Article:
There is the other matter though of how the heck the Seahawks are supposed to score. The Saints defense is actually probably better than it was last year, just sans the turnovers. Seattle can be apt to turn the ball over though, and in poor weather conditions, we’ll see how it goes.

The Seahawks would be wise I think to use Justin Forsett more often. Marshawn Lynch really just doesn’t offer much of anything at the running back position. At least with Forsett, you have a chance for the big play. People were clamoring after the Baltimore game that the weakness in the Saints defense was exposed. Horsecrap. The Saints run defense is not a weakness, in fact, it’s been pretty good.

Another tidbit with that run defense, that should absolutely go into the play calling for the Seahawks is that the Saints only allow opponents to succeed on 40% of short yardage running situations, best in the league. Playoff football comes down to inches, to the little things, the Saints ability to stop people from running the ball for first downs in short yardage situations, especially in inclement weather, could be vital.

So, what I’m saying is given all the circumstances and conditions surrounding this game, I don’t expect a lot of points. I expect the scoring to be rather low, which in a playoff game like this, in this type of crowd environment in this type of weather, the key will be special teams.

And here is where the Seahawks may have the edge. While on paper, the Saints hold a rather distinct edge it would appear on both offense and defense (though less so with the injuries in the backfield), the Seahawks hold a very distinct edge in special teams. It could be argued the difference between the two special teams units is as gaping as the difference between each offense or defense.

The Saints special teams were borderline bad. The Seahawks were an elite unit.

Leon Washington has a chance to make a big difference in this game. Seattle’s kick return unit was the second best in the league this season, whereas New Orleans kickoff coverage unit ranked merely 16th. The difference is less so in the punting facet of the game, but the kick return unit for Seattle could prove important when it comes to answering any New Orleans scores. Nothing changes momentum like big special teams plays, or back breaking returns, and with this Seattle crowd, a big play early by the ‘Hawks return game could really give the team, and crowd, some major life.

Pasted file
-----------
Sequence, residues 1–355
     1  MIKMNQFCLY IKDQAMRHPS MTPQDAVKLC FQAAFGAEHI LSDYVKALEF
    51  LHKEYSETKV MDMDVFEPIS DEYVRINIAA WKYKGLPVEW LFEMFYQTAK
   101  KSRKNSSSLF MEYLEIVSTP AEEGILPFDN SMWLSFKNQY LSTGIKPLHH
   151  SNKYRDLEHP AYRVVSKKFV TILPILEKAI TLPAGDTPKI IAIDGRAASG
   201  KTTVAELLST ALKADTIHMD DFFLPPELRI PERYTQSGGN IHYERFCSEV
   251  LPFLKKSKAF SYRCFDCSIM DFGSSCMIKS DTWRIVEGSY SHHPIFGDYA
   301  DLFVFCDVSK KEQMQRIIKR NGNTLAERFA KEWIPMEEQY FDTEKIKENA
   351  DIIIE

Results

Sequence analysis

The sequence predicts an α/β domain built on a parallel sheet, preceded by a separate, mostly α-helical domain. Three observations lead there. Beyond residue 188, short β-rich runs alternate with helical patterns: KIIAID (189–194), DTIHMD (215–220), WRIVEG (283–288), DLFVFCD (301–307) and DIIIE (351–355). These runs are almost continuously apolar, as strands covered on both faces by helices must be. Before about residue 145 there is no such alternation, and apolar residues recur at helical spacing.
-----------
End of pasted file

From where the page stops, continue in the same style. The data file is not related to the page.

The key might be hitting a big special teams play early, using some of that momentum and energy to hang around the game a bit. Because if it’s close towards the end, who knows what can happen? That’s what playoff football is about.

I’m going way, way, way out on the limb and taking Seattle. But alas, it’s probably more hoping for Seattle, as I’d much rather see them in Atlanta next Saturday.

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Quit Being Lazy Trent Dilfer

Some people just blow my minds with their ignorance, stupidity, or laziness. Trent Dilfer, you’ve managed to once again personify what makes the “Worldwide leader” a joke so often.

Seriously, you’re doubting the Falcons because you compare them to the 2003 Kansas City Chiefs? If you want to doubt them, fine. But at least try to find something factual, relevant, and accurate to base your belief on.
Sure, the Chiefs had a great regular season and got beat in the first round. But you know what? A lot of teams have done that in NFL history. So let’s compare the Falcons to all of them. Or, better yet, let’s compare the Falcons to all the teams who had good regular season and who went on to have deep January playoff runs. The Falcons could compare to all such teams, as your criteria for comparison is pretty much that they were football teams who won a lot of regular season games.